That Thing You Do? Don’t Do It.

So about a month ago, my great kid asked if I’d get tickets to go see the Big Apple Circus while it was visiting our area. Since I’ve enjoyed our visits there as much as he did, I was all in. And then he asked me to include my Mom (who is not a circus person at all) to come with us, as next year he’ll probably be off at college somewhere far away and we won’t be able to do this again as a family. God bless my Mom who said something to the effect of that while she really didn’t want to go she would because she truly wanted to make him happy, because she knew how much he enjoyed it in the past when we’d take my Dad every year to see the circus. And so off we went.

While we waited for the show to start, we started talking about everything and nothing at all and somehow got on to the subject of Disneyworld. We started talking about his senior trip there and how it started off great but that by the end of the week, when he and his classmates had been together 24/7 for 5 days with little sleep and too much excitement from the theme parks and rides, they were all sick of each other. And I remarked, innocuously I thought, that it seemed that could happen to anyone who spent too much time in too close a proximity without any kind of break. I reminded him that sometimes when he and I go off on vacation together, we’re snarling at each other several days in, each retreating to our separate corners of our hotel room, looking for some personal space of our own.

I thought I’d made a good point, trying to show him that the scenario that played out when he was in close quarters with friends was just one of those things, that it happens all the time. But I was told nicely but clearly that I was way off base.

Mom, he said, you know that thing you do when you try to rationalize when things go wrong for me and put a spin on why it happened because you think you’re making me feel better? You’re not.

Wow. Talk about a light bulb moment. It didn’t even occur to me to disagree with him because he was spot on. It’s something I do, do a lot apparently, even more than I’d like to think. Because I don’t like confrontation with people, I don’t like unpleasant conversations. So I try to explain away bad behavior, or broken promises, or hurt feelings, or an empty feeling in your soul whether it’s directed at me or at someone I love or hold dear.

And it got me thinking about how often or how much of this others do. How much do we rationalize things, just to get through the situation, or to make it another day, or to put up with a bad relationship because we’ve got kids or need that second income or don’t want to be on our own? How often do we concoct excuses for what passes as acceptable behavior these days? And why?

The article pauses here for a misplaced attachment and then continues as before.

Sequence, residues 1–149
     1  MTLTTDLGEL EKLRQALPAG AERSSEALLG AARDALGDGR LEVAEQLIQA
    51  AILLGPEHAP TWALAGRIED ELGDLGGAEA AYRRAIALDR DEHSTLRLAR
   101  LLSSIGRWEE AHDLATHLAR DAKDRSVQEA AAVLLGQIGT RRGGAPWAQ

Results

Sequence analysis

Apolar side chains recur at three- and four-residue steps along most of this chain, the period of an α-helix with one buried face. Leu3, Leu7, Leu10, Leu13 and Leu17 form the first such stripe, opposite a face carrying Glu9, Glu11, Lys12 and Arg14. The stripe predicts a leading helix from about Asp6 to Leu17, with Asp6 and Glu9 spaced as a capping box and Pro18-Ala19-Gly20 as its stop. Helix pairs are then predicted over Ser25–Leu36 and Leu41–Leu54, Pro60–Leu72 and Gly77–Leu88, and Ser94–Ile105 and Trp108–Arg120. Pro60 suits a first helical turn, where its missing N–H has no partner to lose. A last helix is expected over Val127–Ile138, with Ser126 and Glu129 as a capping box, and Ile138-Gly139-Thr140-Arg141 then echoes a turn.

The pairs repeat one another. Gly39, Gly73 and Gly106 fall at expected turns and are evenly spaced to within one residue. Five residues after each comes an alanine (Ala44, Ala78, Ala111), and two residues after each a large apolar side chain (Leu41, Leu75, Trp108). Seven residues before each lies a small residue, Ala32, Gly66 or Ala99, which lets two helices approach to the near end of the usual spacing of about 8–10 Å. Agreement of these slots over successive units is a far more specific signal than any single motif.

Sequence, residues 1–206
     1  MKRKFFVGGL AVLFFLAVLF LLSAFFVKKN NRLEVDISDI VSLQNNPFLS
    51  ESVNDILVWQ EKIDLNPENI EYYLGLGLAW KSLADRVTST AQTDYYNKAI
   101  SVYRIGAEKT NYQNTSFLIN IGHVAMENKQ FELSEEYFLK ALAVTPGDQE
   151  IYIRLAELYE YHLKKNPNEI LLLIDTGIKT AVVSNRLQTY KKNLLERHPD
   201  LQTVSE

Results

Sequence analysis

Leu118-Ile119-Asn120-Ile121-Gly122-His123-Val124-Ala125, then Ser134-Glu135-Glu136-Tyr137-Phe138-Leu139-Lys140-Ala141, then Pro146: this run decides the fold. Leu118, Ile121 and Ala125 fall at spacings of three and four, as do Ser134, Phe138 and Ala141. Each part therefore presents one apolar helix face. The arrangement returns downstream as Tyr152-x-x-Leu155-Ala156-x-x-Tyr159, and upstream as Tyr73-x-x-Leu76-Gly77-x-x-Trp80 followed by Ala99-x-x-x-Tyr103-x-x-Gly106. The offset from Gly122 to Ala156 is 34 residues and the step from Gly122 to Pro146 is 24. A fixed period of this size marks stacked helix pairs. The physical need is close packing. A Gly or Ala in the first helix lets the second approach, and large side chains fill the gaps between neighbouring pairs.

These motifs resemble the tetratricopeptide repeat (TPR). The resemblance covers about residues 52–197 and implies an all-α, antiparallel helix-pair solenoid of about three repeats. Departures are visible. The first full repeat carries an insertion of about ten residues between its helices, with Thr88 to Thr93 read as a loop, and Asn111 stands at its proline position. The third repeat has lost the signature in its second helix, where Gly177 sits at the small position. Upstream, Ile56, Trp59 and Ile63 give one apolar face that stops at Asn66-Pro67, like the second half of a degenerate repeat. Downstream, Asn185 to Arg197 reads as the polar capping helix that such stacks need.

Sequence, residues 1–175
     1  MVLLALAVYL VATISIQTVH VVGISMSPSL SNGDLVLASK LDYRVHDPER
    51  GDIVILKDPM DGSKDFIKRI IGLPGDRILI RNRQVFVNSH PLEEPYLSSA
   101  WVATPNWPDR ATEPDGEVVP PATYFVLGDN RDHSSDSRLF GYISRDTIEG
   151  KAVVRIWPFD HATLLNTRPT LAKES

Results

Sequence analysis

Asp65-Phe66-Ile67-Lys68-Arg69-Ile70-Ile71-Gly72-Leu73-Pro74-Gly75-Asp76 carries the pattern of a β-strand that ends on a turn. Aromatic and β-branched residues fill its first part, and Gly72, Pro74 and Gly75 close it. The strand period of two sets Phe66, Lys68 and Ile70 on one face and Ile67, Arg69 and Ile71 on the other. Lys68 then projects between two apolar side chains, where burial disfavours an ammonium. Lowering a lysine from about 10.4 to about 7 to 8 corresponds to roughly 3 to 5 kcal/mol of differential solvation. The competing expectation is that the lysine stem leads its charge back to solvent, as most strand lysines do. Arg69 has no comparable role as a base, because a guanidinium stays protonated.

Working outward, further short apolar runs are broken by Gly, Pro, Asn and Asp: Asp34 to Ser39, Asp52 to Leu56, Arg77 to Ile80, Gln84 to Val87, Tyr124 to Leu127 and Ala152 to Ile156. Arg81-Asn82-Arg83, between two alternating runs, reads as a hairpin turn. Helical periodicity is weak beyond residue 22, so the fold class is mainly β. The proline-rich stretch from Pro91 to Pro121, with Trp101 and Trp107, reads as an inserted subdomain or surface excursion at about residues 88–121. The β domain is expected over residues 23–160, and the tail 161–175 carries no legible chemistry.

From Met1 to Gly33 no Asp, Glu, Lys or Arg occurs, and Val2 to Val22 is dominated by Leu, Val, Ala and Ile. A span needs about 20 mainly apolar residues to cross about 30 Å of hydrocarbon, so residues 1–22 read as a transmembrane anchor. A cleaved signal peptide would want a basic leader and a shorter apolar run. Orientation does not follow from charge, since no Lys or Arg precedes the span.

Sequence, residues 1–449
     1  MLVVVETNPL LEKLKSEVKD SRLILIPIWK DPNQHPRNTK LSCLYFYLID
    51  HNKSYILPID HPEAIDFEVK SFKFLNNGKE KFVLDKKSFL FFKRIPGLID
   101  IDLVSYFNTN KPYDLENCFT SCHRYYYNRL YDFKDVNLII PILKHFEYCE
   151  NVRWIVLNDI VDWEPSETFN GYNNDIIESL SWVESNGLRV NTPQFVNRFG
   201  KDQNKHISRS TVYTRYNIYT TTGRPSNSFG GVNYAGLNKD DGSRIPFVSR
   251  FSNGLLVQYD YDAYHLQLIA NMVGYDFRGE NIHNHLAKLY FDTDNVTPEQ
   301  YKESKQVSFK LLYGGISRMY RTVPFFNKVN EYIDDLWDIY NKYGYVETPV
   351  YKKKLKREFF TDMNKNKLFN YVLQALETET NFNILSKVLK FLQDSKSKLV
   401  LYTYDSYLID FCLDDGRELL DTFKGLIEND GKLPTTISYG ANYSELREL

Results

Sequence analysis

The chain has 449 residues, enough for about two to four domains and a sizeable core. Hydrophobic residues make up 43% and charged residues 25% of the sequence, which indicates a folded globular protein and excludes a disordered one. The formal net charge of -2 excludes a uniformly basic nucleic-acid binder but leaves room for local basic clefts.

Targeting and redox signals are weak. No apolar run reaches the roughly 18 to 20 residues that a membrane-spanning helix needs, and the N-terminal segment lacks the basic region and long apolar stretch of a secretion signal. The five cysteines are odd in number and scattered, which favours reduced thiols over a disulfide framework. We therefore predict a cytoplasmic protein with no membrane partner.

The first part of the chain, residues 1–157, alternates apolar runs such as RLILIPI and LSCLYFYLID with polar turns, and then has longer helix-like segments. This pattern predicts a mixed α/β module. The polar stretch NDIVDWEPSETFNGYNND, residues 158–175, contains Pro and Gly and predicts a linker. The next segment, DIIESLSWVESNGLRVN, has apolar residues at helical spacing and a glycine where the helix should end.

I am loath to engage in self-analysis (just another one of my projects to work on) so I can only surmise why any of us rationalizes what we do, or what others do, or what we allow others to do. And I think it’s that we all to some extent want to go along to get along. Aren’t we surrounded by enough strife and turmoil in the exterior world? We hear hateful words from partisan talking heads on news channels. We read stories, too many stories of innocent children and adults being killed by the proliferation of guns in our society. We live, too often it seems, in a virtual world, a world of Facebook and Twitter where we have friends who aren’t friends at all, and we comment on what people say because we think what we have to say is valuable, and we engage in heated discussions over things that ultimately don’t matter, that don’t change anyone’s mind, that are not important in the long-term.

So sometimes, when presented with a real life dilemma, a problem that manifests itself in our real world, in our home, or office, or your car sitting next to someone you love, our instinct is to smooth things over, to let the water close back over that pebble of a problem thrown in, to swallow the words we want to say and instead smile and agree. Goodness knows, I did this for far too many years with someone who didn’t treat me well and it became a learned behavior, a crutch I fall back on even to this day. I didn’t say things I should have, I don’t say things I should. And it pains me to say that, to know that I’ve let this become part of my life.

But maybe, just maybe my son has learned from my behavior and seen what it can and will do to a person. He’s seen that my explaining away everything in my attempt to soften the blow, to make his way easier, to spare him some of the hurt feelings and brokenhearted days and sleepless nights I’ve experienced have not done what I thought they would or should but instead ricocheted right back to me. And it’s made him smarter and more attuned to his feelings than I was at his age, than I am even now. He stands up for himself. He tells people when they’ve hurt his feelings. He is not shy to confront if confrontation is called for. He is the person I always wished I could be.

So while I’m not happy that I’ve been reluctant to do more for myself than I have, if it has helped my kid take the opposite tack and put him on a path that will make him more surefooted than I am, more resilient, more open and accepting and protective of his heart and his feelings, than any discomfort or second guessing I could do for the way I’ve lived my life is fine with me. Because paying that price to see him become the man he should be is a price I’d pay 100 times over.


About mygreatkid

Mom, daughter, friend, blogger, DC grad.
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